Living with Obsessive-Compulsive Disorder

Many people would have heard about Obsessive-Compulsive disorder. Some think it’s exaggerated. Some other people think it’s cool.  The stone-cold truth is that this disorder is not as trivial as many people take it to be. This disorder affects about 2 million Americans, or 1% of them, affecting their daily lives. It’s not just about wanting to keep your room clean as many people believe; it’s more than that.

In this article, we would discuss what Obsessive-compulsive disorder really is, and what types of obsessive-compulsive disorders exist.

What is This Disorder?

This is a mental illness that makes you feel or think about doing something repeatedly. These habits can be perceived as “good”, or “bad” by other people. Some people have both obsessive thoughts and compulsive rituals. These obsessive thoughts could always be counting your house’s ceiling partitions, and these obsessive habits could be checking if your door locked every five minutes. You may not like thinking about these things, but then you can’t control these thoughts and actions.

If you have OCD, these habits will take a good portion of your time every day, and you wouldn’t be able to stop it. It would also significantly affect your work life, social life, relationships, and other parts of your life.

Some symptoms include:

  • Irrational fear of germs
  • Aggression towards self
  • Compulsive counting
  • Repeating checking things
  • Excessive cleaning things

The next time you see someone being irrational about checking things, or wanting things perfect at all times, you should suggest they take a trip to a therapist, just in case.

Types of OCD

  • Obsessions: As we said before, obsessions involve you thinking about something repeatedly. Many people who have OCD know that their thoughts are obsessive, but they also think they have no power to stop them. Any attempt at abruptly stopping would propel them into sadness, and self-hate. Eventually, they would get back to doing it, sometimes more extremely. Some examples of obsessive thoughts include worrying about yourself or other people getting hurt, always getting aware of your breathing, and continually playing scenarios in your head.
  • Compulsive habits: These involve doing something repeatedly, in a particular order with little or no control. Like obsessive thoughts, many people with this variant know that they can’t stop doing these things, but can’t stop themselves. Some examples include feeling the need to count things like bottles, fearing touching things due to germs, and doing things in a specific order every time.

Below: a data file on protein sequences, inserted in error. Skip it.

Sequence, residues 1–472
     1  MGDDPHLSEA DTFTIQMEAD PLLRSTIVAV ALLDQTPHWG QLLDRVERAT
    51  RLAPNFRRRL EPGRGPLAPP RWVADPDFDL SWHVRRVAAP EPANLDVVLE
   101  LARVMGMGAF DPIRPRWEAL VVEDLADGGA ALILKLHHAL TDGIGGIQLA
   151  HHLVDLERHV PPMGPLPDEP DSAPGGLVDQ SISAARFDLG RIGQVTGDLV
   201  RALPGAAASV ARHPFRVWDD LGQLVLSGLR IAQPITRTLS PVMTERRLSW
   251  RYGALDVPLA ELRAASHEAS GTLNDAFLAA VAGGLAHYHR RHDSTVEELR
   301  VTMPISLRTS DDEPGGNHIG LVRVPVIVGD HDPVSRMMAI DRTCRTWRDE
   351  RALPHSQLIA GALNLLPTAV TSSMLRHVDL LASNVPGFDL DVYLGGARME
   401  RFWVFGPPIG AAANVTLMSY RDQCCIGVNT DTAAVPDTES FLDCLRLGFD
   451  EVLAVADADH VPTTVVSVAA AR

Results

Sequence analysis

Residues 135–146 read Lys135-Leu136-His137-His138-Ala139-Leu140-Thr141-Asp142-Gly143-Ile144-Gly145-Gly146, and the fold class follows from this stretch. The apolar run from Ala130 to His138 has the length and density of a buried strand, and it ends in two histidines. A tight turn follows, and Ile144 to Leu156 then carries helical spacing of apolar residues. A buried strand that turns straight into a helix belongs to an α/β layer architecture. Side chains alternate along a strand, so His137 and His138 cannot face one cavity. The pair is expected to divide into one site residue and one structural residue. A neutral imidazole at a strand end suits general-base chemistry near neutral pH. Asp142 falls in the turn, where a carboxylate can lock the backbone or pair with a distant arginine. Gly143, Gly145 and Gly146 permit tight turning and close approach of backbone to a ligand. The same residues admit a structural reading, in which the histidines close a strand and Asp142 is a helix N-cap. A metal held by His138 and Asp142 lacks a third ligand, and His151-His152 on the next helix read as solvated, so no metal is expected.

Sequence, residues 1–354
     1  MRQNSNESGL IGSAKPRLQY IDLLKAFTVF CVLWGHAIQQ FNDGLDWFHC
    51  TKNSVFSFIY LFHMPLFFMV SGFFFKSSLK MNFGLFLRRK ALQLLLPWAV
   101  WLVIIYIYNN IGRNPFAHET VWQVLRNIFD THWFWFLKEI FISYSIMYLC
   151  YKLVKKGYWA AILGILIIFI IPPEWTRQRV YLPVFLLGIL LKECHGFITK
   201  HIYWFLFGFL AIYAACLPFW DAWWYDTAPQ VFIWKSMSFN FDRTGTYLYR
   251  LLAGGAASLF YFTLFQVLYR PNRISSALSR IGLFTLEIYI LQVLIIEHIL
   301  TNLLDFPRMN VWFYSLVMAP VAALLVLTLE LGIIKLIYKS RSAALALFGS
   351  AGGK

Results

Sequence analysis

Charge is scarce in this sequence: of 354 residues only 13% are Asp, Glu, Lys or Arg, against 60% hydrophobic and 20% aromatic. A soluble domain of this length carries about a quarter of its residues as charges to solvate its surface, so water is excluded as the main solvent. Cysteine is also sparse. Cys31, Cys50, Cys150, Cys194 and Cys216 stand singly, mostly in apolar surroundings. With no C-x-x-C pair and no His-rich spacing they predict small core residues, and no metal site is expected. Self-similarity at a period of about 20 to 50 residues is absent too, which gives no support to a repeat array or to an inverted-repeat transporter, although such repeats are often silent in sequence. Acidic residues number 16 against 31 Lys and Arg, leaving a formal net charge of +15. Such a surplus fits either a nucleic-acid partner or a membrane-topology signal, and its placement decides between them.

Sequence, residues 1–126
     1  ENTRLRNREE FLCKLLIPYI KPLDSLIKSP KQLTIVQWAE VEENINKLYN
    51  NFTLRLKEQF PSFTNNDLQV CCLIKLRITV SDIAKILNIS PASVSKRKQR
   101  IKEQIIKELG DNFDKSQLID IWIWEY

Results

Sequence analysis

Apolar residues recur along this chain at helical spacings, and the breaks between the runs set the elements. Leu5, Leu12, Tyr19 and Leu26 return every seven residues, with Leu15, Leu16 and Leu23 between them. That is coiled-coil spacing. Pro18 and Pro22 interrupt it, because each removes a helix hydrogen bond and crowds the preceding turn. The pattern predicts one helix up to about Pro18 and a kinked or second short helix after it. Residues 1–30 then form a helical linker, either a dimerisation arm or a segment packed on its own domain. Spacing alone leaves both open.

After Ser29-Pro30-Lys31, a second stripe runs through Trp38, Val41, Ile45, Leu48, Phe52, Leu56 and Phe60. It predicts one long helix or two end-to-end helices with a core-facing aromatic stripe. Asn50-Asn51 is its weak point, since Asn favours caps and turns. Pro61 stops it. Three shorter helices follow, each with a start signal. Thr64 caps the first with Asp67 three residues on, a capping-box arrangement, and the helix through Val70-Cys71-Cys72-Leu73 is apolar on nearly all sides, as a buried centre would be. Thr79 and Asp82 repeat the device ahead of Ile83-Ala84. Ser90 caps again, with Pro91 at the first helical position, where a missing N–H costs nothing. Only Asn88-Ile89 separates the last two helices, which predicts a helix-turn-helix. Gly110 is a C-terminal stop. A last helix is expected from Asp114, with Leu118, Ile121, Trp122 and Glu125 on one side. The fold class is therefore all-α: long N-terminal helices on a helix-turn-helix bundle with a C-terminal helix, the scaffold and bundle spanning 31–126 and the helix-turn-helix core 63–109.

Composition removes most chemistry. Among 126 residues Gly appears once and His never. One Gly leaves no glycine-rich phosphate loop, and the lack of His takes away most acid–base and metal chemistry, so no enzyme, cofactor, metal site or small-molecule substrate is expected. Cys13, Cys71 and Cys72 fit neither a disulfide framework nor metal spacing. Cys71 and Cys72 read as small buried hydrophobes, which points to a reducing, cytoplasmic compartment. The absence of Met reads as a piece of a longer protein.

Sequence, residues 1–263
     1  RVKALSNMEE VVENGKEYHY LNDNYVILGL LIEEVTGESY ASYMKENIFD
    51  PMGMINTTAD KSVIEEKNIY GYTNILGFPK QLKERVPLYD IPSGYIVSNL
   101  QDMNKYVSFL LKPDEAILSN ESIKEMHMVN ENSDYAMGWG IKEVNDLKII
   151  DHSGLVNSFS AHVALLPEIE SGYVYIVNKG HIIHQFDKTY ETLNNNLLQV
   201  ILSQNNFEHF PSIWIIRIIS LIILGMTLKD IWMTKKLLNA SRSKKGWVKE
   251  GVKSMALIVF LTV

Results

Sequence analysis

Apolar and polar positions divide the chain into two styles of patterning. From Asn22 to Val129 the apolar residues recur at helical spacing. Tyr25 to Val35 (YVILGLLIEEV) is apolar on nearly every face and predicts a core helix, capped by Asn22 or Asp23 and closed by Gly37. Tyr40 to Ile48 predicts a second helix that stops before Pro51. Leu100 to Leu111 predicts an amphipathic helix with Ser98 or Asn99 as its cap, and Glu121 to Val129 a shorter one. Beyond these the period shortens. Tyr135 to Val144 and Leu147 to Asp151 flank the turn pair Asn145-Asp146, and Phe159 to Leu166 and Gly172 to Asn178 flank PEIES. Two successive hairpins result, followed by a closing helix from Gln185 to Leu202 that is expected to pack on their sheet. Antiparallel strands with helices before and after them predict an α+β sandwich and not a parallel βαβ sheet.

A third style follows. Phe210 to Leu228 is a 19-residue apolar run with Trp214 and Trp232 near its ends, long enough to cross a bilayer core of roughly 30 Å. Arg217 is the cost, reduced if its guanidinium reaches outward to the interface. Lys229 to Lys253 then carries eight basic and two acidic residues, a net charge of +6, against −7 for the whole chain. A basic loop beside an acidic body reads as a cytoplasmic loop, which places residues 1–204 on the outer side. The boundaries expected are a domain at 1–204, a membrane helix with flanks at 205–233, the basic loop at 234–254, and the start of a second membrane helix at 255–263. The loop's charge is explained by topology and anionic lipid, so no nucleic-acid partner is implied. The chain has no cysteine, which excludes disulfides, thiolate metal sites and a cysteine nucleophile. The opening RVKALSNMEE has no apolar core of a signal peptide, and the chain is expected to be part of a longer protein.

Who Is At Risk?

OCD is a disorder that can be found in people of all ages. They are diagnosed mostly during adolescence, from ages 19-25. Reports have shown that it is diagnosed earlier in boys than in girls. Scientists do not know what causes OCD, but some factors that can put people at risk are:

  • Brain Chemistry: In several studies, scientists have discovered that the brain’s frontal cortexes and subcortical structures in people with Obsessive-compulsive disorder differ from the norm. Scientists are still researching to determine how that difference affects OCD.
  • Environmental Factors: Although less common, an association between childhood trauma and Obsessive-compulsive disorder has been reported.
  • Genetics: Genetics, more or less have a large association with OCD. If you have an immediate relative with OCD, then the chances are that you got it from them. There has been further research to determine an even stronger association between Genetics and OCD.

What We Think

Suffering from OCD can feel like you’re running around in circles, and it could be your biggest weakness. If you think you are suffering from some or most of the symptoms mentioned above, it will help if you got some help through therapy, medication, and even support groups. You can begin to get your life back and turn the tables on this deadly disorder with these.

Jubril Lawal

Jubril Lawal is a content writer and strategist. He is a student of Obafemi Awolowo University, and is a mental health and human rights advocate.

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